Amid concerns from environmental groups of dwindling herring stocks off Vancouver Island, biologists monitoring the species are observing gradually improving populations.
In late October a collection of advocacy groups called for the immediate closure of the herring fishery in the Strait of Georgia – the only region on the B.C. coast that held a commercial harvest this year. On Oct. 29 the Sea Sheppard Conservation Society, Conservancy Hornby Island and the Association for Denman Island Marine Stewards cited “years of excessive quotas” off the island’s east coast that has resulted in a “dwindled” population. Herring are a keystone species in the Pacific, supporting salmon and other fish higher up in the food chain.
“If DFO is serious about protecting endangered chinook salmon and southern resident killer whales, the first step should be to protect what is left of their food supply,” said Ian McAllister, executive director of Pacific Wild, in a press release from Sea Sheppard. “Shutting the herring fishery down to let stocks recover should be the first course of action.”
Almost 123,000 tonnes of herring biomass of forecasted in the Strait of Georgia this year. Commercial vessels were permitted to cast their nets over less than two weeks in the spring, ending by the first week of April. This brief harvest focused on catching females carrying eggs, as herring roe is in high demand in Japan and China. Most of the fish caught are fed to livestock or ground into feed for aquaculture.
Harvest quotas were estimated to catch 20 per cent of the biomass, but the amount of fish in the Strait of Georgia ended up being on the low end of predictions from Fisheries and Oceans Canada, resulting in 25 per cent of the biomass being harvested. This is still within sustainable levels, says the DFO.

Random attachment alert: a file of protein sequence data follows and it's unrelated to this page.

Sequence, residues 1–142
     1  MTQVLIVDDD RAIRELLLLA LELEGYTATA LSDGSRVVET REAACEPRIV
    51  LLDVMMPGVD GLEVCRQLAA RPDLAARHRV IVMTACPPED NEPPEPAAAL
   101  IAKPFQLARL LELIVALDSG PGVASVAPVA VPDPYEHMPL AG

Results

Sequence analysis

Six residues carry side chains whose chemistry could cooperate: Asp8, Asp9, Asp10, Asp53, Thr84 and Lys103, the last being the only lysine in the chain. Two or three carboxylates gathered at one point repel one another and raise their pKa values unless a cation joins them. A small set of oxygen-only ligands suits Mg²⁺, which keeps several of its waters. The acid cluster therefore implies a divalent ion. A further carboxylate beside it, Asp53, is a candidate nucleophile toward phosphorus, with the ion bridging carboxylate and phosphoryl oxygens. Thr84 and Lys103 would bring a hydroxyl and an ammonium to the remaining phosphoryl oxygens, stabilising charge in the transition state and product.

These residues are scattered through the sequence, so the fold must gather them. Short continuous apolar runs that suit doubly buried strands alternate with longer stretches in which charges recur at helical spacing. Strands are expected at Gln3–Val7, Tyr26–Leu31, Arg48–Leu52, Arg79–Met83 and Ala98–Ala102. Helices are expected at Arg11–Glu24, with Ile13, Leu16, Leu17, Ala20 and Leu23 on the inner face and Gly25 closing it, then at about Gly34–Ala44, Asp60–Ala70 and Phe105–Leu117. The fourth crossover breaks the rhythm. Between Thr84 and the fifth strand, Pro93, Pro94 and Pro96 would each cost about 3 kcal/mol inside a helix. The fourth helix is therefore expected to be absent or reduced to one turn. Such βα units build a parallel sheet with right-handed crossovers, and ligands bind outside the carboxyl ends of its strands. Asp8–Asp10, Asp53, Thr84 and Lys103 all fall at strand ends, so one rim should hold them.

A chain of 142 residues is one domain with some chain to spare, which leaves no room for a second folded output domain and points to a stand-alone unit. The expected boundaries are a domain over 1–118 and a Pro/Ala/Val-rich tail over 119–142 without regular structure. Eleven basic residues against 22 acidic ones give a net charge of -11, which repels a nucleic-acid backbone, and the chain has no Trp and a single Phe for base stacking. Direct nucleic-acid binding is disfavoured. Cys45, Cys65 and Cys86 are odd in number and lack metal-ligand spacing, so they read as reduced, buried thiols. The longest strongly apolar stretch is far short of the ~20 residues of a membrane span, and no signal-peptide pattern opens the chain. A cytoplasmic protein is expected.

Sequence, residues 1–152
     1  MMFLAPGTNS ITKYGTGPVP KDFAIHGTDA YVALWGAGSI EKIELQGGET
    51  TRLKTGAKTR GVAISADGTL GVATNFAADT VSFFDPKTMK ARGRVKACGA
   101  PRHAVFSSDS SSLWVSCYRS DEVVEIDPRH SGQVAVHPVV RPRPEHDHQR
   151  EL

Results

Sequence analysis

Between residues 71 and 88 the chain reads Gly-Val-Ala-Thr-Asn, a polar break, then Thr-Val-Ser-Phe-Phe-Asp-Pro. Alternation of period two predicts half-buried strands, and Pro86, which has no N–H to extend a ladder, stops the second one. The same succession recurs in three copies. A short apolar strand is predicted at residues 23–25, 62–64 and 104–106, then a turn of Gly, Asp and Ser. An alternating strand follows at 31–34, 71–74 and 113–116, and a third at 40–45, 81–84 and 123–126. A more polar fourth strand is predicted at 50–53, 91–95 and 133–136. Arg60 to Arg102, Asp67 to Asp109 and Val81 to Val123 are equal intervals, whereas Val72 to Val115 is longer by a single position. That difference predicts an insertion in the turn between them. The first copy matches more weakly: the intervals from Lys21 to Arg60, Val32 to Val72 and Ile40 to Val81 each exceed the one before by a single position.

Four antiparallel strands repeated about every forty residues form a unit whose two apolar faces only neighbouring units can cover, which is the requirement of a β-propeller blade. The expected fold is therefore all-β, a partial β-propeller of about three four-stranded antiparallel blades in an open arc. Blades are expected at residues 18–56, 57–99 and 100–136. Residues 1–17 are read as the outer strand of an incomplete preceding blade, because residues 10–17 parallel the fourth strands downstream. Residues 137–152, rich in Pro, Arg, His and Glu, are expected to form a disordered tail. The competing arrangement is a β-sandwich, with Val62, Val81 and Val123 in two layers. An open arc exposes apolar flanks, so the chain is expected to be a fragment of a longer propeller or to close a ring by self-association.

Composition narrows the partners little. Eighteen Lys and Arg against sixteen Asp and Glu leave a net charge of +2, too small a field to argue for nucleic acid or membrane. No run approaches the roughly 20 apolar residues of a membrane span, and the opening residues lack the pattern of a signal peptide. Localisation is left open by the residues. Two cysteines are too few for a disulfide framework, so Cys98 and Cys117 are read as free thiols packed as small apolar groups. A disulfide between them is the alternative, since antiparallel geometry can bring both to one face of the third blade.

“For 2019, the forecasted range for the Strait of Georgia was 67,000 to 221,400 metric tonnes and the median was 122,921 tonnes,” wrote a DFO spokesperson in an email to Ha-Shilth-Sa. “The most recent data from the scientific surveys indicate that in fact, spawning biomass in the Strait of Georgia was closer to the bottom half of forecast range, resulting in a harvest rate of 25 per cent in 2019.”
Based on DFO’s spawn index, a measure of the procreating biomass of herring taken from dive surveys, Strait of Georgia numbers over the last decade peaked in 2016, with this year representing less than half of this high figure. But herring are a particularly difficult species to predict, with fluctuating population levels from one year to the next.
“Pacific herring forecasts are highly uncertain because factors such as environmental conditions and predation can vary from year to year,” said the federal department. “DFO has tested and implemented a harvest strategy that has a high probability of conserving the stock over the long term, despite the uncertainly associated with the variability of the stock.”
The west coast of Vancouver Island hasn’t supported a herring fishery in 14 years. Jim Lane, the central region biologist with Uu-a-thluk, said that Nuu-chah-nulth fisheries have advised the federal department to keep nets out of the water in 2020. Although DFO scientists have recommended to keep the west coast fishery closed, a final commitment is yet to come from the department.
“I’d be surprised if they opened it up on the west coast of Vancouver Island,” said Lane.
Since a historically low spawn index of 2,464 tonnes was recorded in 2010, annual assessments have increased – albeit with fluctuations. This year’s spawn index is 17,030 tonnes – down from the 28,107 tracked in 2018, but a slight increase from the 2017 number.
“Herring can go from very little to a massive amount,” said Lane.
Nuu-chah-nulth fisheries and the DFO have yet to agree upon what level stocks need to reach to sustain a commercial harvest, but Lane noted that it’s unlikely there will be enough herring on the west coast of Vancouver Island to carry a fishery in the next few years.